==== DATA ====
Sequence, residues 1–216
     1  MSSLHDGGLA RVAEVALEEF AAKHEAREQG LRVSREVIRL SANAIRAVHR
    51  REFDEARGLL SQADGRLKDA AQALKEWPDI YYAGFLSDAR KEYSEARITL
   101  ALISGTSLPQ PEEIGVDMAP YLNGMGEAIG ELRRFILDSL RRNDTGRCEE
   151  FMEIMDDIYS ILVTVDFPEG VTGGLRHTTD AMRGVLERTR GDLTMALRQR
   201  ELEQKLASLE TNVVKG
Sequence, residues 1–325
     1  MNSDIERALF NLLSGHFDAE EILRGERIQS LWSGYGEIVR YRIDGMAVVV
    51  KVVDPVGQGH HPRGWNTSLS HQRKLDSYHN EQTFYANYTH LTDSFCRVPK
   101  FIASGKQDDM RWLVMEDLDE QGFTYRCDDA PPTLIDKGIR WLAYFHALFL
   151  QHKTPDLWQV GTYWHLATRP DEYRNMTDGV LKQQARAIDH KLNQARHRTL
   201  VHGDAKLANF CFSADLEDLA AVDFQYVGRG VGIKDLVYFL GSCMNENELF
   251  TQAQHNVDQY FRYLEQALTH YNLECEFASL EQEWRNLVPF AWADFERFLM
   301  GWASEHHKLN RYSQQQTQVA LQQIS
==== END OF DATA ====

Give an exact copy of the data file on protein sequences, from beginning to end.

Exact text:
Sequence, residues 1–216
     1  MSSLHDGGLA RVAEVALEEF AAKHEAREQG LRVSREVIRL SANAIRAVHR
    51  REFDEARGLL SQADGRLKDA AQALKEWPDI YYAGFLSDAR KEYSEARITL
   101  ALISGTSLPQ PEEIGVDMAP YLNGMGEAIG ELRRFILDSL RRNDTGRCEE
   151  FMEIMDDIYS ILVTVDFPEG VTGGLRHTTD AMRGVLERTR GDLTMALRQR
   201  ELEQKLASLE TNVVKG
Sequence, residues 1–325
     1  MNSDIERALF NLLSGHFDAE EILRGERIQS LWSGYGEIVR YRIDGMAVVV
    51  KVVDPVGQGH HPRGWNTSLS HQRKLDSYHN EQTFYANYTH LTDSFCRVPK
   101  FIASGKQDDM RWLVMEDLDE QGFTYRCDDA PPTLIDKGIR WLAYFHALFL
   151  QHKTPDLWQV GTYWHLATRP DEYRNMTDGV LKQQARAIDH KLNQARHRTL
   201  VHGDAKLANF CFSADLEDLA AVDFQYVGRG VGIKDLVYFL GSCMNENELF
   251  TQAQHNVDQY FRYLEQALTH YNLECEFASL EQEWRNLVPF AWADFERFLM
   301  GWASEHHKLN RYSQQQTQVA LQQIS